Angela Fehr Watercolor Tutorial Plein Air Painting

Tutorial: “The Reluctant Plein Air Painter” with Angela Fehr

I’m a bad watercolor instructor. Until recently, the LAST thing I ever wanted to do was paint from life, in the (gasp!) outdoors! It’s not the bugs, the heat, the wind, the dirt or even really the onlookers. What really held me back was the sheer scope of needing to try to capture the panorama of the world spread before me. With a photo, you hold stability in your hand. The shadows don’t flicker, and the size is contained within a few inches. It’s manageable.

Plein air painting, on the other hand, feels to me to be completely UNmanageable. A slight turn of my head and the view before me doubles in scope. Everything is just so, so, three-dimensional! And the light changes from moment to moment, so the small shadow you start out painting might triple in size before you’re finished, or disappear entirely as clouds pass over the sun. What I see doesn’t translate onto paper, and in plein air painting the disconnect between what I see and what I paint feels even more pronounced and disheartening.

Guys, I’m supposed to be a professional, with twenty years of experience, and painting plein air still scares me. It’s a vulnerable crack in my veneer of experience So…I can either live in avoidance or confront the issue, and only one of those offers the opportunity for growth. For the last few years I’ve made it a point to bring my plein air painting kit when I travel, and while I’m not very disciplined about using it, just pulling it out a few times a year has made a big difference in my attitude toward plein air painting.

Here’s what I’ve learned:

  • What goes in your sketchbook is personal. You don’t need to share it with anyone, or apologize for anything in there. Like a diary, it has ups and downs and some are going to be more private than others.
  • Plein air painting should fit YOU. When I realized that I didn’t need to paint the entire panorama before me, but could focus on a tiny area, or just work the mood and atmosphere into a completely imaginative sketch, many of my struggles with plein air painted melted away.
  • It’s going to feel hard. One student commented “When studio painting feels hard, I paint plein air. Then studio painting feels easy again.” Expecting to feel lost, distracted, frustrated or disappointed can help adjust your expectations so it’s not devastating if you don’t get a great painting to show for your efforts.
  • You don’t have to do it every day to get better at it. This goes for all painting. We often feel guilty for not being as disciplined about our artistic development as we think we should be, but this doesn’t ever help us paint better. Make peace with the slow & steady growth that comes from just doing what you can, when you can.

I’m blessed to live in a rural and beautiful region of northern British Columbia, along edge of the northern Rocky Mountains, and when I paint my experiences exploring nature with my family, I get to savor our country’s beauty and precious family memories all over again. And when I can’t travel, and paint my back yard, I get to slow down and appreciate the small beauties found in the every day. Great reasons to get out that sketchbook and struggle through a little more plein air painting!

What are your struggles with plein air painting? I grabbed the World Watercolor Month prompt “Nature Hike” to share a quick video on “making do” as a reluctant plein air painter in this week’s video.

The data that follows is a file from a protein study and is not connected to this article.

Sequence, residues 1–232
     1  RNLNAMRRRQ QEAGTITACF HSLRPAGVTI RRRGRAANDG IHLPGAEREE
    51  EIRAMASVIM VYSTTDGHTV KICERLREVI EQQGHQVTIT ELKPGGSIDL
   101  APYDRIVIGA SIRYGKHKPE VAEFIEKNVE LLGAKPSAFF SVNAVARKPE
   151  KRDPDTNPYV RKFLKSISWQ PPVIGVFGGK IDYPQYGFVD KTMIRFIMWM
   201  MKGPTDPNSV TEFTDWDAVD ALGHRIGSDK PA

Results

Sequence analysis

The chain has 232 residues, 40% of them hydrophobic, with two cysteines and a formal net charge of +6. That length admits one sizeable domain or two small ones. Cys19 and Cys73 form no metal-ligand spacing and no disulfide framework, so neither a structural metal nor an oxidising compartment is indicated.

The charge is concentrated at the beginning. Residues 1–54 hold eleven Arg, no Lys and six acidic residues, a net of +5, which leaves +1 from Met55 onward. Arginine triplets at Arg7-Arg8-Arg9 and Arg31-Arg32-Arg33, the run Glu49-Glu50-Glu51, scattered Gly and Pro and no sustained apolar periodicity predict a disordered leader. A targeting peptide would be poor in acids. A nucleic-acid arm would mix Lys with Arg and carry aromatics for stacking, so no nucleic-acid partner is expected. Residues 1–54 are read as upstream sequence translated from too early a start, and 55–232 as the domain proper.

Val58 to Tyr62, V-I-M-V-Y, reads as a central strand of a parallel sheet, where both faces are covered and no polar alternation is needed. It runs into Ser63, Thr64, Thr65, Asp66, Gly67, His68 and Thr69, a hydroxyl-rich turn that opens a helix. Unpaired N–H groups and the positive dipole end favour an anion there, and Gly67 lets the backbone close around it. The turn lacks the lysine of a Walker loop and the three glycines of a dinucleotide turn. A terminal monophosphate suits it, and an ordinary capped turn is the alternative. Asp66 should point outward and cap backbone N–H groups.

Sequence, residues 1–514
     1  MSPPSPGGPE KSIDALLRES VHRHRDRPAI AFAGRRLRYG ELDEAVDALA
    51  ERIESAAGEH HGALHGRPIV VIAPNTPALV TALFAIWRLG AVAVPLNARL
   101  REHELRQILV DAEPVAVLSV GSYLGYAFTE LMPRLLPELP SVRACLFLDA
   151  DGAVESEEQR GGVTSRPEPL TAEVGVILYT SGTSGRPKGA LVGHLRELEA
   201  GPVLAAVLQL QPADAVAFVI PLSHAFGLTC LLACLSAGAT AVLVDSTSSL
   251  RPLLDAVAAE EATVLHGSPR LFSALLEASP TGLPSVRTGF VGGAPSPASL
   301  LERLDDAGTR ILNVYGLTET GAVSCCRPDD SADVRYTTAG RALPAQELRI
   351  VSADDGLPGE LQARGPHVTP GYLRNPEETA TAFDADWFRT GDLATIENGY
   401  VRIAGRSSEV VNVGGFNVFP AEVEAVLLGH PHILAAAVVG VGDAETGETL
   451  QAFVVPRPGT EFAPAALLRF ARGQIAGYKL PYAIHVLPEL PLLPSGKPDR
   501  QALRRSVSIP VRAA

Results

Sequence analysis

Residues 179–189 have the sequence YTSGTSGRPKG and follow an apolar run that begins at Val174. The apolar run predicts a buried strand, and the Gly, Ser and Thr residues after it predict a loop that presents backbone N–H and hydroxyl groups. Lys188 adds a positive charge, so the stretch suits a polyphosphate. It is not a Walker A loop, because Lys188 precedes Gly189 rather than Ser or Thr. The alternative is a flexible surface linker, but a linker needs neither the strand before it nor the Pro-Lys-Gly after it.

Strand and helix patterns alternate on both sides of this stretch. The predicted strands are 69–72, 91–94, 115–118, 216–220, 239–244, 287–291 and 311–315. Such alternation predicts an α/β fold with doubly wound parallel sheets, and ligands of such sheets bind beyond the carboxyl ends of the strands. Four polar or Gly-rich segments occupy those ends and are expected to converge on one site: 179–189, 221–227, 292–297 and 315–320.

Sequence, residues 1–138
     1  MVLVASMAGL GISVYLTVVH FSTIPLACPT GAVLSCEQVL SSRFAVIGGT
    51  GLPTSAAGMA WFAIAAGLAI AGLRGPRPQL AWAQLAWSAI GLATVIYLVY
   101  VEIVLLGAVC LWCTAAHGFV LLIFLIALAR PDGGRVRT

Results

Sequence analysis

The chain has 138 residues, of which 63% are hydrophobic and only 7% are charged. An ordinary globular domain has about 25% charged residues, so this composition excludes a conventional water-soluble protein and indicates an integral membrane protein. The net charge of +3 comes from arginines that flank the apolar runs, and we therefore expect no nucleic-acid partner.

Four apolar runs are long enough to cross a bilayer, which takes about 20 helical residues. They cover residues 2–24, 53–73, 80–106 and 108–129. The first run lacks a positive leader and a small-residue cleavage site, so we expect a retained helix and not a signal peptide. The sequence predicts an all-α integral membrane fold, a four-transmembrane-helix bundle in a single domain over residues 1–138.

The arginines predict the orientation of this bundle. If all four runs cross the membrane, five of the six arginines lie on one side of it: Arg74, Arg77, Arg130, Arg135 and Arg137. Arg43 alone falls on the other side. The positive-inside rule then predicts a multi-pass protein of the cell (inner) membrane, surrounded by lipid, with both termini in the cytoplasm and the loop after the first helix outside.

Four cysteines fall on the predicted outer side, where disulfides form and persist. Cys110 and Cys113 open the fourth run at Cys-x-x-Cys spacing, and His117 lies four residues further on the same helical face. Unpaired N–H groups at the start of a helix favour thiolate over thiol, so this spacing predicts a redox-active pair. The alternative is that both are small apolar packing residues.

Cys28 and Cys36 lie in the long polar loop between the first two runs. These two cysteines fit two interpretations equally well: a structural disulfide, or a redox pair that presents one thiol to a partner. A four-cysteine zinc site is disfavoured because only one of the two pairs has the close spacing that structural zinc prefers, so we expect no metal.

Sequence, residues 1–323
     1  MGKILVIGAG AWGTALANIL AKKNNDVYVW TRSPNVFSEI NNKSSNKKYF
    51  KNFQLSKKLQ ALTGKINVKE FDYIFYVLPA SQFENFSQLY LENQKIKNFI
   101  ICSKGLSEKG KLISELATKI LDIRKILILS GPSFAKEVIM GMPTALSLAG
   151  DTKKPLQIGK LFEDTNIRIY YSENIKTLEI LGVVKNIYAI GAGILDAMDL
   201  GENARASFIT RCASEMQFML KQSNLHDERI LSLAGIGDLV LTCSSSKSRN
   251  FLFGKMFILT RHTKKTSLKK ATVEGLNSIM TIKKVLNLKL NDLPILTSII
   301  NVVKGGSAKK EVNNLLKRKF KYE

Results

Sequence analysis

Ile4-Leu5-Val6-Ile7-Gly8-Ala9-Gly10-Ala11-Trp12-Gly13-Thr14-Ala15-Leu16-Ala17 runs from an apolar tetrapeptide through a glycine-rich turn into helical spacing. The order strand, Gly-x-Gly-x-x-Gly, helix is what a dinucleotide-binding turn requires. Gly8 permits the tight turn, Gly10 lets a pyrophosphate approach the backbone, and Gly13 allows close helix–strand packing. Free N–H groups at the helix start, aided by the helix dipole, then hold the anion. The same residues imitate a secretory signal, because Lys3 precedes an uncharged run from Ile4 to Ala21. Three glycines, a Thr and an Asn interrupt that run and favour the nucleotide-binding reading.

Don’t forget that as a World Watercolor Month Artist Ambassador, I’m sharing more lessons and giveaways at and donating 10% of sales of Sun, Snow & Flowers, a 3 painting online watercolor class, to the Dreaming Zebra Foundation. Thank you for supporting World Watercolor Month so generously!

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10 thoughts on “Tutorial: “The Reluctant Plein Air Painter” with Angela Fehr

  1. Great video! I find plein air difficult as well. I think in part it’s because I’m near-sighted and don’t need to use my glasses when painting at home. Outside, I’m using a whole different form of vision and I feel like I’m staring at one of those 3D images where you have to adjust the way you view to see what hides in all the wild color.

  2. I’m glad I’m not the only one who finds plein air challenging. As soon as it get a bit cooler here, I’m going to push myself to go do it at least once a week. Thanks for the encouragement you have been a great inspiration to me.

  3. I definitely had some frustration at the beginning, mostly since I like to paint detail, and that’s just not always possible plein air. I’ve come to accept and even embrace that my plein air style is not the same style as my studio paintings. The two are clearly relatives, but resemble each other more like siblings or cousins than twins. I find plein air more freeing in that the environment almost encourages you to be looser, quicker, and more suggestive in your techniques to capture the object or landscape before something changes. I also found it comforting to take a quick picture at the start, and even if I don’t necessarily use it, it takes some pressure off. If I’m called away or something I really liked about the scenario changes, I have the photo as backup to fill in the remaining gaps to finish the painting as I want.

  4. Angela the crack in the veneer reveals a new path. Overcoming that crack of fear and resistance is my greatest challenge in art and in writing. Your post backs a dream I had earlier this morning that shows that we have to pass Fear And Resistance in order to go FAR (to move at all, actually, but acronyms work better than long winded sentences).

    You seem however to make the painting look absolutely delicious as you light up the page. Ah bliss!

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